autonomous cars

Five years after the driver of Uber’s autonomous car killed a pedestrian, the driver pleaded guilty to one count of reckless endangerment and was sentenced to no prison time, just three years of supervised probation. The law is designed to fill a deterrence function and mete-out punishment for wrongdoing. So, did the law serve its function here? Does the law appropriately address these new technologies?
Obesity is complex! Disregarding competence for more diverse views Disneyland’s E-tickets Are our cars spying on us?
The built environment can heat and cool us, human error, debunking the latke, and who is really anti-nuclear power?
Here's what's on the reading list this time 'round: Perhaps the rats were not the cause of the plague ... More on software that fails us, as the NTSB prepares its final report on Uber's fatal crash ... There is much to be grateful for in our world ... And cutting corners to get your child in college is not limited to ethically-challenged Americans.
Our reaction time slows as we age, a study suggests that increasingly autonomous cars can make driving safer for older drivers and the people surrounding them. Yogi Berra sums it up, "In theory, there is no difference between theory and practice. In practice, there is."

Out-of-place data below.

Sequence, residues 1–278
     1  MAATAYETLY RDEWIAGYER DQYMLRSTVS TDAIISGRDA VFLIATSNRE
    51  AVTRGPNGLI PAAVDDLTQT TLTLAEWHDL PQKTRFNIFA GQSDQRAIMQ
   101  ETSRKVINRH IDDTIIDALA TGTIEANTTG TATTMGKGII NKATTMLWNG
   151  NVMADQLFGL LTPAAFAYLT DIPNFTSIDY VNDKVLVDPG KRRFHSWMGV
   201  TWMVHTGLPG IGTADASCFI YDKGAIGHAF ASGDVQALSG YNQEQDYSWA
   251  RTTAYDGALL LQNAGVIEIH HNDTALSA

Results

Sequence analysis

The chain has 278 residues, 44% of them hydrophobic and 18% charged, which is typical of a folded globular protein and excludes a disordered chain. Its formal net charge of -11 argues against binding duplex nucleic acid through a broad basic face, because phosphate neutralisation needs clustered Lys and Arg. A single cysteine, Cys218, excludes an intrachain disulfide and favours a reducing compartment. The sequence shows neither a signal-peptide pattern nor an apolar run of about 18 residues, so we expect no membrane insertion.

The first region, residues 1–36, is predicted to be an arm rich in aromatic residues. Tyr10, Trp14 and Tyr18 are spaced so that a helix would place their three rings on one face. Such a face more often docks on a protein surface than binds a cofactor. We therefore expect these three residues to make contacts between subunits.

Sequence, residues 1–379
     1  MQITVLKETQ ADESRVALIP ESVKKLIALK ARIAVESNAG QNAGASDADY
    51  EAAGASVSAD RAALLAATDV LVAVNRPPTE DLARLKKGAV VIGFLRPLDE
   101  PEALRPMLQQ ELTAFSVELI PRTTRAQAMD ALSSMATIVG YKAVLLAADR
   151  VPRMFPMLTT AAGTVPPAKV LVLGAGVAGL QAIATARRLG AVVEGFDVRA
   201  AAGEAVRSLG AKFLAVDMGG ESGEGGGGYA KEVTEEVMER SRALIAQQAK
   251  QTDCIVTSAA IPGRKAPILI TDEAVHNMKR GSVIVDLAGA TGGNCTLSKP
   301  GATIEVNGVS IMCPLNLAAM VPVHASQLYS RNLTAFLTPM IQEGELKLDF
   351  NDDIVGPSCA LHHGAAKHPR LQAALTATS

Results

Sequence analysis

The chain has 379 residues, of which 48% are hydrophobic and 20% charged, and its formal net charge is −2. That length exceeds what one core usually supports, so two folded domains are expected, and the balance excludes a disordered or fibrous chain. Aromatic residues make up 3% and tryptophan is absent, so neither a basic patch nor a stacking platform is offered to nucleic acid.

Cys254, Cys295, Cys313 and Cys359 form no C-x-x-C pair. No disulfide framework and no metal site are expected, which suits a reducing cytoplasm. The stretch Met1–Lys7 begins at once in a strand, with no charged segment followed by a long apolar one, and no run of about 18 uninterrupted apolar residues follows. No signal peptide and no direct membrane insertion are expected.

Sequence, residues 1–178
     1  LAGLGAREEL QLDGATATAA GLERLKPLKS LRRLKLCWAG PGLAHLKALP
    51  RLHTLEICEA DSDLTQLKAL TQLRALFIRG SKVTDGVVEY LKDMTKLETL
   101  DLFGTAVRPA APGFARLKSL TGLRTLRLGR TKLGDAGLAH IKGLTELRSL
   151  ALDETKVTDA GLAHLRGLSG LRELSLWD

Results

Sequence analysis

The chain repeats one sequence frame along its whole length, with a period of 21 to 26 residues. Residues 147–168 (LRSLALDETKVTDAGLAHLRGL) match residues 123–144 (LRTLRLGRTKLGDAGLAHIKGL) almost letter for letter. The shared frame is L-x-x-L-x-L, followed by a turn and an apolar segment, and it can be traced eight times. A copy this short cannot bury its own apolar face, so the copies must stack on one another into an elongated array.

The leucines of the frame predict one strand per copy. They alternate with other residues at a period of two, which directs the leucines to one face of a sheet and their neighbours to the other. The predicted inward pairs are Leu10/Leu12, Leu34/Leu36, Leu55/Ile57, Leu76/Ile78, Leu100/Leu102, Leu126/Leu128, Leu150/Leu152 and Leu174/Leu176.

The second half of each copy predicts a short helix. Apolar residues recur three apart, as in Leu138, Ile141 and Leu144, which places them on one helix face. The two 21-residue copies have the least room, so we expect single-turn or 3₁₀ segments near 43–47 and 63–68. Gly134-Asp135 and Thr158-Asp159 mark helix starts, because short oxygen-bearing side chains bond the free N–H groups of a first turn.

The coverage of the Uber-caused fatality in Arizona continues to mislead us about our autonomous future. And since aircraft's history of automation can tell us about the likely path forward, why aren't we listening?
A new MIT study projects that innovative, app-based carpooling in New York City could create unimaginable reductions and euphoric efficiencies in taxi traffic. But we need to point out that those brilliant researchers considered everything except for one tiny detail – the psyche of the demanding New York taxi passenger.